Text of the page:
From FourTwoNine magazine: “Chapter and Verse” Chapter Two

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Randy R. Potts and Matthew Vines continue their wide-ranging discussion about how to address gay issues within the conservative Evangelical culture in which they were both brought up. 


RANDY R. POTTS: We can assume pretty safely that there’s a new generation coming up that is going to be very receptive to your message. That’s not just a stroke in our favor but church leaders today, knowing that, are going to have to find some way to approach that generation. If you can offer some way for those pastors to speak to the younger generation’s concerns about treating gay people in a better way, I think that gives you a big in. 

MATTEW VINES: It’s true that there will be natural cultural changes that will be felt in conservative churches over time, no matter what. But in terms of what that’s going to look like, it really depends on a lot of things that are yet to be determined and that I’m trying to help determine. For instance, conservative Christians can become much more loving and compassionate toward gay people in about three different ways and I think that only one of them is acceptable. One is the way that Pope Francis has recently embraced, which is a wonderfully helpful thing given the precedent there, but that’s certainly not a long-term strategy – which is to just be much kinder, don’t actually change what you think about homosexual relationships being sinful but be much more compassionate and loving and gracious to gay people. That’s great but it’s not enough

RRP: It’s a starting point

MV: It’s a starting point. The next thing that represents a greater shift – and that I think is actually much more troubling over the long-term because some people will think that it’s a viable long-term strategy – is to treat homosexuality the way a lot of churches have begun to treat divorce and remarriage, which is that we’re acknowledging that we live in a sinful, broken world and we have to make some concessions to the reality of our situation while still recognizing that that’s not God’s best. So that means we can accept homosexual relationships because gay people exist in a fallen world, but we still believe that they aren’t God’s best… 

RRP:… and we won’t celebrate them…

MV: They might have some sort of different kind of union but it wouldn’t be the same. And to me this is the religious equivalent of the whole civil union vs. marriage debate in the secular sphere. I could sum that up with, “Okay, we have to do something with them, because gay people are here in these relationships and they have a strong case for needing some sort of recognition and stability and support but we don’t want to give them marriage because that is something greater so we’re going to create something new and give that to them.” I definitely believe there would be a growing trend, if current cultural trends continue apace, what would happen over time in conservative communities is a gradual shift from the Pope Francis openness and compassion to a view that’s it’s inferior but still acceptable.

RRP: We will tolerate but not accept it.

MV: Yeah, it’s tolerable but always with this idea that gay people only exist because we live in a fallen world. We were not God’s intention and so same-sex relationships are tolerable because monogamous, committed same-sex relationships are better than “to burn with passion.” But it’s still better to be celibate if you could do that, or to be straight. 

RRP: That’s the other alternative. It’s what the Mormon church is advocating right now by saying, “We love gay people. We just demand that they be celibate.”

MV: That’s basically the Pope Francis position also, although the Mormon church hasn’t even gotten as good in terms of how they’re expressing their compassion. But the third possibility, and the only one that I think is acceptable and one that I will absolutely be advocating, is to come to a more accurate understanding of these select passages in the Bible and come to what I think is the strongest understanding of Scripture that, first of all, acknowledges that it never directly addresses the kinds of relationships we’re talking about today in terms of same-sex relationships that are an expression of a same-sex orientation that manifest love and covenantal commitment. That’s not what you see in Scripture.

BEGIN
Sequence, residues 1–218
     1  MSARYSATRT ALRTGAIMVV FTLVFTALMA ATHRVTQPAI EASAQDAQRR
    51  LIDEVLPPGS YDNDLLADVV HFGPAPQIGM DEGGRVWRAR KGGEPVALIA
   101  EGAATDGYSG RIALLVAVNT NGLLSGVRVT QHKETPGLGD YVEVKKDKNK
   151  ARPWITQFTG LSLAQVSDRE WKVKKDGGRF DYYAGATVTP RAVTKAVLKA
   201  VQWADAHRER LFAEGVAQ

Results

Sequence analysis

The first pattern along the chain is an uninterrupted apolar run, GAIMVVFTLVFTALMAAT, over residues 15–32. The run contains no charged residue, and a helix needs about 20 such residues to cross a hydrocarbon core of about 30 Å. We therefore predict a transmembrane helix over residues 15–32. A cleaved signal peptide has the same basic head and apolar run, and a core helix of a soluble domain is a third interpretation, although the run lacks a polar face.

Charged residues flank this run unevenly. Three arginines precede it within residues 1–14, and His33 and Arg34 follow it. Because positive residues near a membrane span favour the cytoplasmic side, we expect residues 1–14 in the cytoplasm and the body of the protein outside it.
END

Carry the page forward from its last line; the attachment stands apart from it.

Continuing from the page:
RRP: Well, there was no imagination of that kind of union back then of two men or two women in love who commit and raise a family. It was not part of the discourse. They couldn’t imagine that possibility when Paul was writing.

MV: I wouldn’t say that. That’s not entirely true. It is true that loving same-sex relationships that had any level of commitment were by far a minority experience of same-sex behavior in general. The most common example of same-sex behavior in Ancient Greece was pederasty, man-boy relationships – messed-up stuff – and in Rome there were master-slave relationships, which is essentially sex slavery, because all slaves were expected to submit to whatever sexual favors or advances their masters would make. That’s not really similar. But here were examples of some relationships that we would consider to be loving same-sex relationships with some degree of commitment. In almost all of them, however, there’s an age hierarchy or a class hierarchy.

RRP: And yet didn’t Nero publicly marry someone his age?

MV: Nero. Yes. Well, there was a status hierarchy. Nero did “marry” a man. But it was not a monogamous relationship. Nero was quite the explorer of sexuality and it’s questionable how serious a wedding that was. But you can find some examples here and there of loving same-sex relationships. The core difference is not how same-sex behavior was expressed; the real difference is how same-sex behavior was understood as it relates to personal identity. So the concept of a gay orientation is not something that existed in the world of people who are exclusively, romantically oriented toward others of the same sex and who are not capable of heterosexual attraction or fulfillment. That is something that is not reflected in ancient literature. Consequently, even loving same-sex relationships to the extent that they existed, which admittedly wasn’t that great of an extent, were perceived as someone going to excess because they could be fulfilled in a heterosexual relationship but they were going beyond that. So that’s why same-sex relationships of the time – even when they might look similar to today – would not have been accepted. There are two main schools of thought in the Roman world that rejected same-sex eroticism outright, whereas some Greeks accepted some and would reject others depending on the different hierarchies. The Roman Stoics rejected all forms of same-sex eroticism because they were non pro-creative. For the Christians, pro-creation was not as much of a concern. The bigger concern was monogamy. Same-sex relations would have been condemned categorically by Christians because they went outside the bounds of heterosexual monogamy with the necessary assumption that everybody was capable of heterosexual monogamy. The idea of a gay person is not an idea that any of the Biblical writers would have had.